After nearly five hours of steady uphill trudgery, we reached the rocky summit in a driving microburst of rain and hail. Luckily, the highest mountain in the Northeastern US is a popular tourist trap as well as a rugged backcountry destination. We found facilities and a number of exit strategies to get off the mountain safely. Ninety dollars scored us the last two downbound spots on the most unique option, the kitschy Mount Washington Cog Railway.

Driving back to our hotel about an hour later, Jenny shot a picture through the windshield of the car as rain pelted the glass. She pushed and poked at it for a few minutes on the screen of her iPhone, then held it up for me to behold.

“Check this out” she announced.

“Is that Instagram?” I asked carefully, fearful of what I was about to step in.

“It is. Kinda looks like I shot it with a Holga, doesn’t it?”

“Well, it sort of looks like that, soft and vignetted at the edges… I guess one question I would ask myself is, ‘do I want to make my digital images LOOK like they were shot with a Holga, or do I want the experience of actually SHOOTING with a Holga?’ For me, it’s always been the latter.”

Then I gave her the little speech on the subject that I’ve repeated so many times. I should have known better.

“I’ve always tried to make the point with my students that a Holga is the ultimate ‘point and pray’ camera. It delivers no guarantees but lots of surprises, exactly the opposite of what should be coming out of your digital camera or your phone. A Holga image looks the way it does because it just can’t look any other way.”

“Now, to my pea brain at least, that is a whole lot different than taking an extremely high quality digital image (which, incidentally, also looks the way it does because of the tool that made it) and running it through a software filter designed to make it look like something it isn’t. Pictures shot with a real Holga and with a Holga filter in Instagram both have character, maybe even similar character, but from a process standpoint (and process is really what this all comes down to) one is what it is and the other is what it isn’t. Or it is what it wants to be, not what it has to be…”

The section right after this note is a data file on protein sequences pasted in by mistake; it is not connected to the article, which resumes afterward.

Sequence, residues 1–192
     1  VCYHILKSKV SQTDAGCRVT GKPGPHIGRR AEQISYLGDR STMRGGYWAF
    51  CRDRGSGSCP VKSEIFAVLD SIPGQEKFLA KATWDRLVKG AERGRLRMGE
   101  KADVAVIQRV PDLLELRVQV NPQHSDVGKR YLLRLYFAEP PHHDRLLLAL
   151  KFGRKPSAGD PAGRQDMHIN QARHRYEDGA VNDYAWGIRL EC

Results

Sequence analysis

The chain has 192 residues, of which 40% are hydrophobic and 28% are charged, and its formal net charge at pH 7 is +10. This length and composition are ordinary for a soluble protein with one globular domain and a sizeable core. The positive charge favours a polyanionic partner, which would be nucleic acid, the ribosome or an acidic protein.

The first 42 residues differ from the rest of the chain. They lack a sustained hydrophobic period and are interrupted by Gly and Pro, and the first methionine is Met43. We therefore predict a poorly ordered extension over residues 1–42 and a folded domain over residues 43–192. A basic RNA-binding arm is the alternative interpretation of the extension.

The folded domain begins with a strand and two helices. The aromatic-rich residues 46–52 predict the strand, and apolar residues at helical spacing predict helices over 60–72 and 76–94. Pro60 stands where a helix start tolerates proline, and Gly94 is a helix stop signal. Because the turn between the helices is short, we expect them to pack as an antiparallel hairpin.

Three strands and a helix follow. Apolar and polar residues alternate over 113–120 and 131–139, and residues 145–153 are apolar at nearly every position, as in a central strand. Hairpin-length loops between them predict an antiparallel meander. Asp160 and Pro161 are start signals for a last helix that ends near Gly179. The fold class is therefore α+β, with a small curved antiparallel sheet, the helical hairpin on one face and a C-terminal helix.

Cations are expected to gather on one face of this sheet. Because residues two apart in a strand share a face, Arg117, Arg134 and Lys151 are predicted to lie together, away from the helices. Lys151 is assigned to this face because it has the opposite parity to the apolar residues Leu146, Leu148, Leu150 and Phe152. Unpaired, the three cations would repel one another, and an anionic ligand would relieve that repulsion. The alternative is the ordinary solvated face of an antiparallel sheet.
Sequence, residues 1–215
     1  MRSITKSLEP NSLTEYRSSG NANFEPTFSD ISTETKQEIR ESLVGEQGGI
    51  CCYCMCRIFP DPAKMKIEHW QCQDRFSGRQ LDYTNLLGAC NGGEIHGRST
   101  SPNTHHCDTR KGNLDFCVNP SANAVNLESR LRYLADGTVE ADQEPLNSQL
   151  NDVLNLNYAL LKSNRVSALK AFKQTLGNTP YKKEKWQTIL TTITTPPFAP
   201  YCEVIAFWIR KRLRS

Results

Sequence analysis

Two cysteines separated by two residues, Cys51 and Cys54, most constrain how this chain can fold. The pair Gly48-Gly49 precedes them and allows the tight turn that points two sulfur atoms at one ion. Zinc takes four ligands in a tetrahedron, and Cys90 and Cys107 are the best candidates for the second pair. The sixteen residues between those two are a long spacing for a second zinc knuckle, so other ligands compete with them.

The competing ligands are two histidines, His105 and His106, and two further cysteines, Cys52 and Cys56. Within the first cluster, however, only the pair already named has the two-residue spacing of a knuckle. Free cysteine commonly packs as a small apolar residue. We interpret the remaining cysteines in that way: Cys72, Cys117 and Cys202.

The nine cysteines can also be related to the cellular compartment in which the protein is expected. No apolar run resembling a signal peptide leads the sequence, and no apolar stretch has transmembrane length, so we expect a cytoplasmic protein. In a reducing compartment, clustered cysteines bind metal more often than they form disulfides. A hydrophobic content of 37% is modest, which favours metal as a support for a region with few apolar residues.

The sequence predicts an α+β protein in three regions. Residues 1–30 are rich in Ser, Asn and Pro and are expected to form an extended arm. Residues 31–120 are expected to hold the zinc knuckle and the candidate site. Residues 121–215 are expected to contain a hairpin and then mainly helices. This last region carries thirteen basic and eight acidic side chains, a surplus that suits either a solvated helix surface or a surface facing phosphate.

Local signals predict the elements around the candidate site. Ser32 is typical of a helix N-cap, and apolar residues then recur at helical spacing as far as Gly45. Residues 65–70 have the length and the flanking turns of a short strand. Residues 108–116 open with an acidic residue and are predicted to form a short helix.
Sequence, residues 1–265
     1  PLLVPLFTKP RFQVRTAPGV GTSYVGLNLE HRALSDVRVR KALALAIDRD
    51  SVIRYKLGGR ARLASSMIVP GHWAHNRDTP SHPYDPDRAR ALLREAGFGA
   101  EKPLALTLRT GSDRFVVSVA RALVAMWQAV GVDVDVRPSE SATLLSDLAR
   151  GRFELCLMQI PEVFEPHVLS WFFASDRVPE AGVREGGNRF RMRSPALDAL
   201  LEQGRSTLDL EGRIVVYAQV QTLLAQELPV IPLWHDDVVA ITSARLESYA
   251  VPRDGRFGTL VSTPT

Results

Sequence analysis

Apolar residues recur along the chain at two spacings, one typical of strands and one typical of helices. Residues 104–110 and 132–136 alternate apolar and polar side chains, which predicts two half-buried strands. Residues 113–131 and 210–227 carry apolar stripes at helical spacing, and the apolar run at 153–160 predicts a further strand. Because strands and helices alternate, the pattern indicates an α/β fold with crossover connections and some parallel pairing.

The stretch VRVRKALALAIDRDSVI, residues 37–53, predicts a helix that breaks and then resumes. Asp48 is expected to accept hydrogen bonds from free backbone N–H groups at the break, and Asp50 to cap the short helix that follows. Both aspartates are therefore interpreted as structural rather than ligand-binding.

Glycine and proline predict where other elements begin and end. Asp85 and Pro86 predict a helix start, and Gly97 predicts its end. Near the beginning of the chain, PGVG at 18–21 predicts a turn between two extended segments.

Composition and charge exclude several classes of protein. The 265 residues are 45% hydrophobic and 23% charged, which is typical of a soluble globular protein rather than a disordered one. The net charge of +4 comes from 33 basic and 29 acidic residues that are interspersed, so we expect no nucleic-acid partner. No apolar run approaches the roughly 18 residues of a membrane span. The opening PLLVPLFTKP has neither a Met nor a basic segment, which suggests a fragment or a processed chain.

“You’re an idiot” she said. “And I’m not one of your students, so don’t even start. That’s a cool shot. It’s two-thousand-freaking-thirteen, old man. Who cares how I made it?”

“It is a cool shot…” I conceded.

“Oh, please. Just drive.” We rode in silence the rest of the way to the hotel, which gave me some time to really think about the whole thing.

And suddenly, I saw her point. She’s right. It’s two-thousand-freaking-thirteen. Who cares how we make our pictures nowadays?

The problem is, this old man remembers a time (and it wasn’t all that long ago) when being a photographer meant being both an artist and a craftsperson as well as a technician. We didn’t have Facebook or Flickr or Instagram, so if we wanted to show or share our work we made tangible things called prints. Any “style” we lent to our work resulted from the premeditated effect of light and chemistry on a sensitized surface.

Many thought that what some of us made was a representation of truth, many others disagreed, but few could argue with the fact that what we made was true. It reflected the nature of our tools, our materials, our process, our level of commitment and our intellect (or lack thereof). Can we say the same about being a photographer in the digital age?